Research has a critical role to play if we are to make the EU gas grid sustainable from a 2030-2050 perspective. But how can the knowledge and expertise in the research community best be leveraged to support industry in taking the journey there?
Towards a sustainable European gas grid
When talking about a sustainable European gas grid, we need to keep in mind the three pillars of sustainability: economic, environmental and social. With this in mind:
- The gas and infrastructure must have low greenhouse gas emissions when seen as a system and in a life cycle perspective and should also be environmentally friendly with respect to for example bio-diversity.
- The gas must be affordable.
- The use of biomass/biogas should be done in such a way that food production is not reduced.
SINTEF takes part in technology development projects including the biogas production, hydrogen production from electricity through electrolysers and from natural gas with CCS. We also do system evaluations of hydrogen production from biomass.
Right now, an important question for us is the potential benefits of the strategic use of hydrogen from natural gas with CCS to accelerate the decarbonization of Europe’s energy system. Producing hydrogen from natural gas with CCS has many potential benefits, including:
- Lower CO2 emissions
- Utilizing the benefits of a well-developed gas infrastructure
- Taking advantage of potentially large volumes of hydrogen in the near future
- The parallel decarbonization of power sector and gas grid
This aspect will be included in the Hydrogen for Europe study, which will evaluate the benefits of hydrogen in the EU energy transition. It was established based upon the results of the Hydrogen for Europe pre-study.
We are also working on safety issues related to the more widespread use of hydrogen and hydrogen carriers like ammonia.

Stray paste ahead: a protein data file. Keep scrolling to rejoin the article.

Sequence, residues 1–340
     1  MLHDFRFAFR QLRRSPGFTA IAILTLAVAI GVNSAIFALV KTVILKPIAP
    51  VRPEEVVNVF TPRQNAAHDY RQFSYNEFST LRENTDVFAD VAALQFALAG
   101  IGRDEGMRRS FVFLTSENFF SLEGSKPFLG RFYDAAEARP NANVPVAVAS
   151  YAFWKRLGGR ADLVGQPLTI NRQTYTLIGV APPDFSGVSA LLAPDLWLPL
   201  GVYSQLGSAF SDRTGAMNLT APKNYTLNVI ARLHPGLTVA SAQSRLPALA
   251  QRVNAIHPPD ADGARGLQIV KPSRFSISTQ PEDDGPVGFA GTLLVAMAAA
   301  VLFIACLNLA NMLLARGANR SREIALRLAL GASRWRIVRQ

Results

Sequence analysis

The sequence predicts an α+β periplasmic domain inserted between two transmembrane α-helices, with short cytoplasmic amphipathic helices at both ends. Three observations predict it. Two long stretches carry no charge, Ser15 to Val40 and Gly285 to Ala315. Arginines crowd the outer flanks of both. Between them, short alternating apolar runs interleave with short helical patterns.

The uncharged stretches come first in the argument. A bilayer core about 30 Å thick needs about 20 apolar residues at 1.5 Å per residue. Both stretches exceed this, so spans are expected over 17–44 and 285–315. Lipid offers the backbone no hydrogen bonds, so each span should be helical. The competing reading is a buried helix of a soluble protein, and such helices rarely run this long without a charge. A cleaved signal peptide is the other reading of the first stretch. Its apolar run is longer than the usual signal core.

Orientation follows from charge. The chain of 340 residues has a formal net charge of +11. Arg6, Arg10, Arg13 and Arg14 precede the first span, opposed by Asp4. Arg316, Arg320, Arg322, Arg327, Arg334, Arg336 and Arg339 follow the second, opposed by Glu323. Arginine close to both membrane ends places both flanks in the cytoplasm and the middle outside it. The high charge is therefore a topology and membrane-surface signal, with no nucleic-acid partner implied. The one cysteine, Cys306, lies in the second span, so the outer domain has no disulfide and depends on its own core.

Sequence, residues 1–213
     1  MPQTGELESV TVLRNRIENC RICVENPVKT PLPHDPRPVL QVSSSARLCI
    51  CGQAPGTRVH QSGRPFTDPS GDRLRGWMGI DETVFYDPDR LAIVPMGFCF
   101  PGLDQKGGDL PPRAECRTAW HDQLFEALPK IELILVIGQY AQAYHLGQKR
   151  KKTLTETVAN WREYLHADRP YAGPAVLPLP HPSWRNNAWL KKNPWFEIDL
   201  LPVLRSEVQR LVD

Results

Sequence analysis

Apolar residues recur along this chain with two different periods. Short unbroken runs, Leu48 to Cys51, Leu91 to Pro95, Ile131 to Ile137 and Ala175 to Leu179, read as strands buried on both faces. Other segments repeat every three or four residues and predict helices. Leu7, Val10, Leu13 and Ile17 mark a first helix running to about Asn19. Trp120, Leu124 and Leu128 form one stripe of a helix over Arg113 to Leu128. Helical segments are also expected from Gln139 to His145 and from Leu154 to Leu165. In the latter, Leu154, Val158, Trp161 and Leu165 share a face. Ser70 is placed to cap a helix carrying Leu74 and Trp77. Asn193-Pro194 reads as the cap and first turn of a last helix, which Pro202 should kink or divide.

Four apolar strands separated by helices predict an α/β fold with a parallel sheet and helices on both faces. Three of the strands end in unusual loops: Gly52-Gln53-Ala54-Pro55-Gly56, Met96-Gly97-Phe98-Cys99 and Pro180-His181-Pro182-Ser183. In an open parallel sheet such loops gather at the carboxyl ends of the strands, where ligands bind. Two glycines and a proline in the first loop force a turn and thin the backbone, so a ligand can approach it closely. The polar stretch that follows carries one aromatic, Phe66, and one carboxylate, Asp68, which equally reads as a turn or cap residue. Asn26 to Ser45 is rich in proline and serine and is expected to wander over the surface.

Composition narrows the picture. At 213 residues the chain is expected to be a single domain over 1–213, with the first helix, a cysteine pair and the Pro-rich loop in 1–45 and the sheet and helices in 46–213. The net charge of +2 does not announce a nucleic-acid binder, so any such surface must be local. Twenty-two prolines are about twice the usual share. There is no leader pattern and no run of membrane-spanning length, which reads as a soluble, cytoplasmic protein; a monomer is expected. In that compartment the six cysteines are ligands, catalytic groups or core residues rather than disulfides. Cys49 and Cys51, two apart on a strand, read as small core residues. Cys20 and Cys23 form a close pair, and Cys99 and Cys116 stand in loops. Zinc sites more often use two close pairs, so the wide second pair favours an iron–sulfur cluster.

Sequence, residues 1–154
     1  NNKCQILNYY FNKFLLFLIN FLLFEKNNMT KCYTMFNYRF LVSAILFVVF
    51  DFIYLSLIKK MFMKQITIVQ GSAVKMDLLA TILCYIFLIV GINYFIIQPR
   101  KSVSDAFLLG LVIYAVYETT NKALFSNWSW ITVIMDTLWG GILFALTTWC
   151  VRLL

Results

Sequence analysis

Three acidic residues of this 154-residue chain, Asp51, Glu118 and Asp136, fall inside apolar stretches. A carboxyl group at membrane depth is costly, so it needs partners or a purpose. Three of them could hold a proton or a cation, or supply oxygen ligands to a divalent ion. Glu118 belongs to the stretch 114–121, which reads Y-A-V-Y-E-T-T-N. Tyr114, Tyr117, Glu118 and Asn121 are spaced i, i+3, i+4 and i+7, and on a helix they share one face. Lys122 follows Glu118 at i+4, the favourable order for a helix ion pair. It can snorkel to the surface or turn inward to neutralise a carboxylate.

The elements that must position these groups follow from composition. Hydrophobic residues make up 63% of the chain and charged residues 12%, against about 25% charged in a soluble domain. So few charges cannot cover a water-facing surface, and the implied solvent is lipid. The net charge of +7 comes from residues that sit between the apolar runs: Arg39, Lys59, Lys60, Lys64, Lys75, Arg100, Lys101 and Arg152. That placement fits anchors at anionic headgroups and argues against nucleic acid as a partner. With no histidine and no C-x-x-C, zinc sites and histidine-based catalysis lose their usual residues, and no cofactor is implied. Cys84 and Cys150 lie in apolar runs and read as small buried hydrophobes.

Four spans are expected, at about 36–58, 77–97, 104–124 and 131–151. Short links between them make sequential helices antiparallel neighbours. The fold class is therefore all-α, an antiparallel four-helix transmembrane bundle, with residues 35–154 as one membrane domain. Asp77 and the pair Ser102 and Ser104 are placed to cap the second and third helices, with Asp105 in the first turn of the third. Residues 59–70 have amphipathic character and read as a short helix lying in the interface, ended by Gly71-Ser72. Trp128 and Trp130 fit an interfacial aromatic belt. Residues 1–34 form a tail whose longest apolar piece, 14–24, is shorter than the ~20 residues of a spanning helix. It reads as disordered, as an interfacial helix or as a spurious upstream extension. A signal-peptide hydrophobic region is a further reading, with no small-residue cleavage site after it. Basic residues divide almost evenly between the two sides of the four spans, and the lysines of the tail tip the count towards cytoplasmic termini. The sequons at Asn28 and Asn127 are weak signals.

Research priorities for a sustainable European gas grid
I see the strongest role for research in reducing the risks for European industry. This can be achieved through developing technologies up to the pilot testing and demonstration plants stages. In addition, I think we can play an important role by performing objective assessments of technologies and system performances to advise industry investments.
As for the research priorities needed to make the gas grid sustainable, I would like to focus on two areas. Firstly, providing knowledge-based advice on strategic technology development and investments that is based on transparent, published research. In this way, we can facilitate well-informed and transparent discussions on the best strategies to reach a climate-neutral European economy by 2050.
Secondly, developing the required knowledge on safety issues for hydrogen. This will enable the creation of safety measures to better deal with the potential risks related to using hydrogen in the gas grid.
How the Norwegian government and EU can help
I am hoping to see the full-scale CCS chain project in Norway funded and realized. I also want the Norwegian and EU governments to facilitate market development for hydrogen through the harmonization of policy and regulations, such as hydrogen in the gas grid. Furthermore, I would recommend the facilitation of a hydrogen market development through international co-operation and dialogue.
Going forward, I expect to see the EU facilitating an open, transparent, neutral and fact-based discussion on the development of the European energy system. Furthermore, I expect the EU to set clear goals for reaching the climate targets as agreed in Paris and to legislate climate and use the market to develop business models for climate measures.
This is a summary of my thoughts shared at the recent Gas Infrastructure Europe annual conference in June 2019. I was part of a panel discussion titled “showcasing a sustainable European gas grid”, moderated by Tudor Constantinescu, Principle advisor at the European Commission Directorate General for Energy.